[59] Obituary, Pearl Urban, Evanston Review, January 13, 1994.

[60] “Pick Class Officers,” Evanston Review, September 13, 1928; “Mrs. M. Grundler is Interred in Dwight Cemetery,” The Streator Times, October 16, 1942.

[61] “Pick Class Officers,” Evanston Review, September 13, 1928; “Mrs. M. Grundler is Interred in Dwight Cemetery,” The Streator Times, October 16, 1942.

[62] Obituary, Wintress Brennan, Evanston Review, September 21, 1967.

[63] Obituary, Katherine Block, Evanston Review, October 9, 1969.

[64] “Attends Night School for 12 Years; Now She’ll Receive Degree,” Chicago Tribune, May 30, 1942. 

[65] “Ruth Dasher, Foster School Principal for 14 years, to Retire,” Evanston Review, June 16, 1955.

[66] “Garden Fiesta Today to Raise Funds for Woman’s U. Club,” Evanston Review, June 28, 1928.

[67] “Seek Volunteers to Prepare Clothes for Russian Relief,” Evanston Review, July 13, 1944.

[68] Advertisement, Evanston Review, December 8, 1969. At this point, no records have been found that identify precisely when the Margarita Club became integrated. But the passage of the 1964 Civil Rights Act made discriminatory practices in hotels illegal. 

[69] Candace Sullivan, “Margarita Discovers New Direction in Today’s World,” Evanston Review, March 1, 1977.

[70] “Margarita Club to be Sold,” Evanston Review, April 12, 1973.

[71] “Patricia Nichol Barnes,” Obituary, Chicago Tribune, June 21, 2020.

[72] Candace Sullivan, “Margarita Discovers New Direction in Today’s World,” Evanston Review, March 1, 1977.

[73] “Margarita Club Revamped, Ready,” Evanston Review, September 12, 1974.

[74] Candace Sullivan, “Margarita Discovers New Direction in Today’s World,” Evanston Review, March 1, 1977.

[75] “1566 Oak Avenue,” Evanston Review, March 28, 1974.

[76] “Margarita Club Revamped, Ready,” Evanston Review, September 12, 1974.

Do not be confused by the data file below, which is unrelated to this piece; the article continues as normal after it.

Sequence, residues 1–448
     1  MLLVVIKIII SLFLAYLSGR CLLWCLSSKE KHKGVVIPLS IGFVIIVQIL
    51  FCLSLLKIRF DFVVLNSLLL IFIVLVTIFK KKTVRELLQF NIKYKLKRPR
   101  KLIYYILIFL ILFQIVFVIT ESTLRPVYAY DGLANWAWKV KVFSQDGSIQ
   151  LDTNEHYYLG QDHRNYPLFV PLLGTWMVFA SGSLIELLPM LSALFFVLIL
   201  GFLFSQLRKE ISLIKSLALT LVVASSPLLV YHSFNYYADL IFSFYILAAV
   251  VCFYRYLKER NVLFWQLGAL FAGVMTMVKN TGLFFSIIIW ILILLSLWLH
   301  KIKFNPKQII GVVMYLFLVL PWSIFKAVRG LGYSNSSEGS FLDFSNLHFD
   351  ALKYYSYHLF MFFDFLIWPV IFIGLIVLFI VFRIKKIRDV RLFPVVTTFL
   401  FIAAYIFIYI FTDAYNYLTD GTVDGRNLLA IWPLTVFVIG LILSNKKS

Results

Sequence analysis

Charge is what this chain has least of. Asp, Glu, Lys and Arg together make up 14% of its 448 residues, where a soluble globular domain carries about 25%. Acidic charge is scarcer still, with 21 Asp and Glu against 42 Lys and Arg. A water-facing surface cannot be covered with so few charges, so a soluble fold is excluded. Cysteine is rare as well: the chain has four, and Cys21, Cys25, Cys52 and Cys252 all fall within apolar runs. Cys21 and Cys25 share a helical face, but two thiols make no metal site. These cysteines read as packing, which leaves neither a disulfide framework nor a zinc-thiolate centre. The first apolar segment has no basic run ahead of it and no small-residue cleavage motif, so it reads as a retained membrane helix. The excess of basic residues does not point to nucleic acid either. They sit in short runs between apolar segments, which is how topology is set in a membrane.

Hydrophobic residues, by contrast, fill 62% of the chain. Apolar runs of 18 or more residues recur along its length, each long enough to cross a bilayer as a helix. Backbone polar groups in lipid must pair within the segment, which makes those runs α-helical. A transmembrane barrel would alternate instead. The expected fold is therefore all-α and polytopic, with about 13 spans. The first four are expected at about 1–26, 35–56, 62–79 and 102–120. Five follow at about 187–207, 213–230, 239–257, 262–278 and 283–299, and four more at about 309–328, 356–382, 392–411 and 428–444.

[77] Sara Dillery, “No New Plans for Summer Housing at NU,” Daily Northwestern, April 21, 1975.

[78] Advertisement, Evanston Review, February 9, 1978.

[79] Lorraine Bannon, “New Dining Spots Emerge in Evanston,” Evanston Review, April 26, 1979.

[80] Virginia Gerst, “Moy’s Creative Cuisine Tries Wings at The Bird,” Evanston Review, September 17, 1981.

[81] “Molto Bene!” Evanston Review, December 1, 1988. 

[82] “Patricia Nichol Barnes,” Obituary, Chicago Tribune, June 21, 2020.

[83] Marilyn Claessens, “Margarita Club Redone as Inn, Restaurant,” Evanston Review, April 13, 1989.

[84] Tom Benz, “Rooms With a Window on the Past, Evanston Roundtable, January 13, 2016.

[85] Joseph Ruzich, “Evanston Seeking Feedback on Hotel-Turned-Homeless Shelter,” Evanston Review, August 4, 2022.

[86] “Ellen Reardon,” Illinois, U.S., Deaths and Stillbirths Index, 1916-1947, Ancestry.com.

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  1. Interesting series,

    As noted in the captions, the Margarita Inn restaurant space was occupied by at least two brilliant restaurants: Chinese restaurant Ben Moy’s The Bird, and then the Italian Va Pensiero. I think another Italian restaurant followed but by then there were a large number of alternatives. But Ben’s restaurant in its many incarnations was one of the most unique and memorable experiences ever for many of those who ate there.

    I also had a friend who stayed at the Margarita, I think in the late ‘80s, while at a conference at NU, and he said that the furniture in the room was identical to that in one of our college dorms a decade earlier. Needless to say, that was not a great recommendation.

  2. What a fascinating story, and so well researched. Thank you. My husband and I were frequent diners at Va Pensiero when it was housed in the Inn. After dinner we liked to poke around the common areas, which were nicely appointed but, it seemed, never occupied. I’m glad its use continues to evolve as the needs of the community evolve as well.